Tuesday, April 29, 2014

A New Project: Mesa

I'm working on a new project! With all the time I had on my recent vacation, I got a lot done:
"What the what is that?" right? I know. It's a strange one.

Let me break it down.
Well, the top looks like it might be the
Here we have a sleeve-hole.
And I guess this is the other sleeve-hole.
Well, that looks like a sweater, right?

Here I am trying it on:
It's not as loose as I was hoping, but I'm going with it.
The pattern is written in one-size only. You up- and down-size it by changing your gauge. I did one gauge swatch and then went up a needle size when I started the project. Not the most thorough way to do things, but I figured this whole thing was crapshoot anyway. (With the bias shaping, it's not quite as simple as (gauge)x(number of stitches)=(inches around).)

I saw this sweater pattern on Ravelry and was instantly intrigued. You should be able to see more examples by clicking here: Enchanted Mesa by Stephen West. It's by the same designer who brought you "swants." I didn't buy it right away but when later on I saw another design of his that I liked and realized they were available in the same e-book, I went ahead and bought it.

Although I believe West is American, he lives in Amsterdam. When my mom and I started to make plans to go to the Netherlands this June, I thought it was the perfect excuse to go ahead and make the project! (It doesn't take much to start a project you want to do!) I think it will be about the right weight for the weather and fun to see in all of the photos I'll be looking at after the trip.

Most people used multiple colours on the top wedge sections and made the rest of the sweater neutral. Since I wanted to use the colour-changing yarn I had, I decided to make the wedges more neutral. I used the coloured yarn between the wedges, using a different colour for each insert. This meant I had to wind the ball to the right colour, cut it, use what I needed from the ball and then cut it off. Then I rejoined the two ends of the ball. The colour changing still works, but there was just a little less of each colour. (I also got to show my mom the magic of spit splicing. She was suitably amazed.)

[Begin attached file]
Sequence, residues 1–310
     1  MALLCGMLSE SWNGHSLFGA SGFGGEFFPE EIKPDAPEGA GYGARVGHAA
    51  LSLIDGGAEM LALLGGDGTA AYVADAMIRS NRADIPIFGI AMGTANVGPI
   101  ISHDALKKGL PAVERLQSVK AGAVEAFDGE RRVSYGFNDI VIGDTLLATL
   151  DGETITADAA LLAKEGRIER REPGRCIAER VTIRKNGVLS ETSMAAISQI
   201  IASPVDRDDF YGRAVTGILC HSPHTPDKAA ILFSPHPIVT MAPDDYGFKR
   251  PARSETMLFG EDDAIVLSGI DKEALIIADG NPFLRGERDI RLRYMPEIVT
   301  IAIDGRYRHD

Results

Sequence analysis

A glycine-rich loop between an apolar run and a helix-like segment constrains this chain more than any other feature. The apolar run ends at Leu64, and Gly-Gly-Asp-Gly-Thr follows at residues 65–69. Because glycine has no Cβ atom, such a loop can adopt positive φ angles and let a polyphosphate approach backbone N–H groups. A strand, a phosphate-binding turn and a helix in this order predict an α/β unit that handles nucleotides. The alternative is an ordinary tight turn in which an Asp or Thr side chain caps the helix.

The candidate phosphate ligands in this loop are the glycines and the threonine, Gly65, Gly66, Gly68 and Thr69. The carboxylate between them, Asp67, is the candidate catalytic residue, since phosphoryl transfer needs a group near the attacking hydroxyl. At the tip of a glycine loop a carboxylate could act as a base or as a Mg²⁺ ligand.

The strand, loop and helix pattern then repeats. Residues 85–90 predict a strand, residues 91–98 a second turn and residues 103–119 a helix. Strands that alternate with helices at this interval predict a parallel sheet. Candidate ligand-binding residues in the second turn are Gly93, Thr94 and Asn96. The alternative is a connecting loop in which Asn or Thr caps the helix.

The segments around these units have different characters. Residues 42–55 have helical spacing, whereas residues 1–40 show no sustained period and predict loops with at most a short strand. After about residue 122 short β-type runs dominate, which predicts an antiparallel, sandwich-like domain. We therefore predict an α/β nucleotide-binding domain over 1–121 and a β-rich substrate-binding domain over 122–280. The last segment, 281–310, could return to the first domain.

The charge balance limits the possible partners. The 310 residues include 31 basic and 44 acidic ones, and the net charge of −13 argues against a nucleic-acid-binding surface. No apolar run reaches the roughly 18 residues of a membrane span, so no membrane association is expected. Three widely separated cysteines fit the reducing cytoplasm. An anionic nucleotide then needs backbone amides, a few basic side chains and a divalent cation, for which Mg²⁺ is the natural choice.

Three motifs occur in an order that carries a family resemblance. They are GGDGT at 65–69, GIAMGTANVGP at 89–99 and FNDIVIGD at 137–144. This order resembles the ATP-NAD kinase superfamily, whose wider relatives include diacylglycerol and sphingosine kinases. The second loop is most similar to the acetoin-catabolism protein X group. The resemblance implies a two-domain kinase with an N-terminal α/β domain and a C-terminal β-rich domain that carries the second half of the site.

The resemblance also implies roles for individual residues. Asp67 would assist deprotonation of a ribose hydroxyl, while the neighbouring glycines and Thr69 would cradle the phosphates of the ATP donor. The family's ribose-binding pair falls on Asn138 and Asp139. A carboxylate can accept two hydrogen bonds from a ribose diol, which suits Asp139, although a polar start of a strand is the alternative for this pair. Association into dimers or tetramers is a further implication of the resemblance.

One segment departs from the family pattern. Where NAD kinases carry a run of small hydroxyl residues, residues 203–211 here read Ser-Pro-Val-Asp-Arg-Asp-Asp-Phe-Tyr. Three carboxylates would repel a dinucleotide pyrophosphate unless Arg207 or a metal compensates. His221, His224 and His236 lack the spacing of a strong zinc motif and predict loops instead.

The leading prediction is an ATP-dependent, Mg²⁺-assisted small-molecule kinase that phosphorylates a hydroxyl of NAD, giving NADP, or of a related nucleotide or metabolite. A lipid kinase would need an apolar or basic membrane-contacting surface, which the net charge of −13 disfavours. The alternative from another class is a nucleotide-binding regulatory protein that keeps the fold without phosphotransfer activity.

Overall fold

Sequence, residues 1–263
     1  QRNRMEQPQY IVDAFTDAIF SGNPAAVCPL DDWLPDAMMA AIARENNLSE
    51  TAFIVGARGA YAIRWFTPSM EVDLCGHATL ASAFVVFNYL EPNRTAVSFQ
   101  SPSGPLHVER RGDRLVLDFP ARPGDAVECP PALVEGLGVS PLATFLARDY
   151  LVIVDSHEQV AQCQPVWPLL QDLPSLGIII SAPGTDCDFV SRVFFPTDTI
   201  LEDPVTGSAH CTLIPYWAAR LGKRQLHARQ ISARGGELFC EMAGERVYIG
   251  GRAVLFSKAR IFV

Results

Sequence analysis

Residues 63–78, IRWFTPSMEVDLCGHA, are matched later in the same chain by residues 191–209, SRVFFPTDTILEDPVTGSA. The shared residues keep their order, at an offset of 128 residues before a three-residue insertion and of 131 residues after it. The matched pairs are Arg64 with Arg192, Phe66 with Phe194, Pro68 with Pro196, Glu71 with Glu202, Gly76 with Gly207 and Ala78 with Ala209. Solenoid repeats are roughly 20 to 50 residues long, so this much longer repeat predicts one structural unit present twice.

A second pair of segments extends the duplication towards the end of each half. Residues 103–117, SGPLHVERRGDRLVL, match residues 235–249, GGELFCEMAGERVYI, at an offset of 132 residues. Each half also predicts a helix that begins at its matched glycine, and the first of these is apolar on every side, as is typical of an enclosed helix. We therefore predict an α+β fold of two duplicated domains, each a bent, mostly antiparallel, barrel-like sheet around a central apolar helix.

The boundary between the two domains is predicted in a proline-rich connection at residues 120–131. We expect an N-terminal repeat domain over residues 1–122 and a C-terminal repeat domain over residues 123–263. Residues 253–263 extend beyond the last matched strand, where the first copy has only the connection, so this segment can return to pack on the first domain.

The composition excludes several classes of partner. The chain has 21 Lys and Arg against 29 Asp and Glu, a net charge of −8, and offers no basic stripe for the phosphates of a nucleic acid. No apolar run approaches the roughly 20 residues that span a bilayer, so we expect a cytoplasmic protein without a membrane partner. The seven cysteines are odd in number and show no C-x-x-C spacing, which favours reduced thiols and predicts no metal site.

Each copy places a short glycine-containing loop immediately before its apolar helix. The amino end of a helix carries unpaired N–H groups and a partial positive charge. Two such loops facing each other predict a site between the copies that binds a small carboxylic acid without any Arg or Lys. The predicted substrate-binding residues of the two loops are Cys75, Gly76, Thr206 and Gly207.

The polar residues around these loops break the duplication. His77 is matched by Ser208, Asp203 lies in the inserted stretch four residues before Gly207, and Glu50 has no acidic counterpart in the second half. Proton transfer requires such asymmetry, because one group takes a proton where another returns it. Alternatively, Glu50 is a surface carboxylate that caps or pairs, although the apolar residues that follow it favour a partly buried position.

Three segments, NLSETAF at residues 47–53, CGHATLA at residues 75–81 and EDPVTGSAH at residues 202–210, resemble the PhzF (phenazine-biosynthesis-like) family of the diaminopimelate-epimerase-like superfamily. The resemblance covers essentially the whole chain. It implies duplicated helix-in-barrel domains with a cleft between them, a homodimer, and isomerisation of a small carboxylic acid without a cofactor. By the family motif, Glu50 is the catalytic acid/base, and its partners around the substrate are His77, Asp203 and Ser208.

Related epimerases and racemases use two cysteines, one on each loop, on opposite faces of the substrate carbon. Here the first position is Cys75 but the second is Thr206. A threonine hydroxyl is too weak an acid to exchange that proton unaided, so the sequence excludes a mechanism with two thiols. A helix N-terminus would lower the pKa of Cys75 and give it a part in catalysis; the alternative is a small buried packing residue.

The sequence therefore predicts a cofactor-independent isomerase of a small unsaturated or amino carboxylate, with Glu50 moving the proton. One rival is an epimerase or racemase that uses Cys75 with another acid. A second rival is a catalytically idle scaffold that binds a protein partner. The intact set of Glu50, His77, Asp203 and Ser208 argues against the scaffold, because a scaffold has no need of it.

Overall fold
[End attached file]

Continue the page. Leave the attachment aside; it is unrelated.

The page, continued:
I started below the collar with a provisional cast on so I could decide later what kind of neck I want (and what yarn to use). I'm not sure I want the cowl. A few people have done just a ribbed collar--like a wide crew neck. We'll see.

I've got a couple more inches to do to make it longer and then I start a short-row section so the hem ends up straight across. Then I will move on to the sleeves. It would be nice if I could get the one sleeve (the left one as I'm wearing it above) to sort of match the stripes in the body, but I don't think that's going to work out.

I really like the colour-changing yarns, but they are challenging to work with if you really like to plan things out. West really encourages using left-overs and whatever you have for this sweater, so we'll see if I can get into the improvisational swing of things.

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